Renovating on a Budget?

I’m about to risk raising some eyebrows with this suggestion, but I’m going to make it anyway.

There is a simple way for homeowners to save significant sums on renovation projects. And that is, if you cannot act as your own general contractor, hire an Owner’s Project Manager (O.P.M.) to manage the project on your behalf.

Why should that raise eyebrows? Because it relieves the general contractor of that duty, and therefore also relieves him of a hefty mark-up on the subcontractors. Don’t get me wrong, I believe in the function of a general contractor, especially on large and complex projects (in which case having both an O.P.M. and G.C. would be a good idea). But, on smaller projects where the G.C. may be only funneling work to the subs and there is not a lot of work for his own crew, an O.P.M. seems to make sense.

A G.C. doesn’t really want to be bothered with a bathroom renovation, for example, where there is little carpentry involved. However, some homeowners have neither the time or the inclination to be their own G.C. This is where an O.P.M. can help. An O.P.M. can organize the project, coordinate the subs, communicate between the client and subs, make decisions on behalf of the client when necessary, manage the schedule, manage the budget, and see that everything is done according to the project specifications. For this service, an O.P.M. could save a client literally thousands compared to a G.C.’s mark-up.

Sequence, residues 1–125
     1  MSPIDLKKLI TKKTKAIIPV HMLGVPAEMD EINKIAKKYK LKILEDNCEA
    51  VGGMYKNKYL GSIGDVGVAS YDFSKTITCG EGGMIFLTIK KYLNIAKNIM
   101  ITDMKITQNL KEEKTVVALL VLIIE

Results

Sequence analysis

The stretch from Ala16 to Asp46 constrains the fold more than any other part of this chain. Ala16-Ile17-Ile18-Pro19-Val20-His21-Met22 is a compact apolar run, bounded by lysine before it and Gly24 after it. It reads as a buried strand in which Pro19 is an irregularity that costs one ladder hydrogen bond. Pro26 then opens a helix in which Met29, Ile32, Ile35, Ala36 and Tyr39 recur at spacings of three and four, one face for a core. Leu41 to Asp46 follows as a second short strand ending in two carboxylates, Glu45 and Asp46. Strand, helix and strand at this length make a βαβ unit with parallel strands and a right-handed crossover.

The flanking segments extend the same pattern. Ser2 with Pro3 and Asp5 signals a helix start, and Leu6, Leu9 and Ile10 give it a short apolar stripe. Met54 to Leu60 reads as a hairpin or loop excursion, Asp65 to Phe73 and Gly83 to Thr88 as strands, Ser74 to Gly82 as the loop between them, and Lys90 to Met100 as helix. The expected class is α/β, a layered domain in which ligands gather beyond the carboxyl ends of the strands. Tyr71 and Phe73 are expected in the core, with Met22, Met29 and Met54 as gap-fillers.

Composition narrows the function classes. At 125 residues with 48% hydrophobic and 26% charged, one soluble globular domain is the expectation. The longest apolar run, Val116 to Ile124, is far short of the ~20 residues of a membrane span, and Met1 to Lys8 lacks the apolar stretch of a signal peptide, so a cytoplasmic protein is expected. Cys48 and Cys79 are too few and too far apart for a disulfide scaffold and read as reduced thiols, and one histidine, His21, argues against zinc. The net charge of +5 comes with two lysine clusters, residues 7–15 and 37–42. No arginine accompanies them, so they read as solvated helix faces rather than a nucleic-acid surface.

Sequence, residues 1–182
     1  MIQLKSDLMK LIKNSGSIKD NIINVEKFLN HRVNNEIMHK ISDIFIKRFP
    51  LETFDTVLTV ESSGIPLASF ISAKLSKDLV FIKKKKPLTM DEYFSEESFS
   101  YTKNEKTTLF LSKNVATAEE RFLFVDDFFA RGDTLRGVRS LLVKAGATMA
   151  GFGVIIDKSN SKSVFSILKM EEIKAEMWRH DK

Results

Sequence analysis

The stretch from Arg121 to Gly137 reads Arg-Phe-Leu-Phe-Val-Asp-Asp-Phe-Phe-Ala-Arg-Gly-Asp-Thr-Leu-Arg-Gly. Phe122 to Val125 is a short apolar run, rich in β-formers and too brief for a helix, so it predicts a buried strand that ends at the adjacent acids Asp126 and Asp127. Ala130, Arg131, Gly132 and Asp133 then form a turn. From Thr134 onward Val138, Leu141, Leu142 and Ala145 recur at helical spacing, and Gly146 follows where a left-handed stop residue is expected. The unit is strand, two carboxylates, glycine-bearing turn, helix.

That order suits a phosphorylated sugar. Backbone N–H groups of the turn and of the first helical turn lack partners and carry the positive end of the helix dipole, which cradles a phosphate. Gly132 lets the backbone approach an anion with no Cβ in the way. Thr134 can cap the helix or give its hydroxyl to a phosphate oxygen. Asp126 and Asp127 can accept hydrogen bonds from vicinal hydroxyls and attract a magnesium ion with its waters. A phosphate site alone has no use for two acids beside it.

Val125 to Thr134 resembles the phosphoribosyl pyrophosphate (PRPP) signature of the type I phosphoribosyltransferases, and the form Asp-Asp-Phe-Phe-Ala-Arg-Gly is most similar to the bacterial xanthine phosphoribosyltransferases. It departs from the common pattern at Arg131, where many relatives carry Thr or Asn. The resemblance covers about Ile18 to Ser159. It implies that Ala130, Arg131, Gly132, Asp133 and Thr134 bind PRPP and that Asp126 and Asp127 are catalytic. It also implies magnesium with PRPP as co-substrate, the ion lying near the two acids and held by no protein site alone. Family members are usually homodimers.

If you plan to give it a try, look for an experienced Construction Project Manager, preferably with a Construction Supervisor’s License and general liability insurance.   Here is one resource for locating a Construction Project Manager in your area:

The Importance of the Project Plan

More than once I’ve been asked whether or not it’s really necessary to hire an architect. Depending on the project scale, the straight answer is no, there may not be a need to hire an architect. But, what IS essential is a comprehensive project plan which is often times prepared by an architect, designer, or design-build contractor. The project plan includes specific details on the entire project scope from beginning to end.

When details are not clearly defined, the likelihood of problems is almost guaranteed. The first problems arise when the contractor must make assumptions on certain details in order to provide a cost estimate or leave those details out of the cost estimate altogether. Either scenario invites the potential for costly change orders and added time to the project schedule, both of which result in heavier stress on all sides. We all know that elevated stress levels create a breeding ground for conflict, therefore leading to further issues.

Take the time to clearly define the project plan with all of the details specified. Estimate the cost as accurately as possible and set a target completion date. It will save you money and plenty of headache medicine in the end. After all, don’t you want to enjoy your investment when it is done instead of being reminded of all the anxiety it caused?

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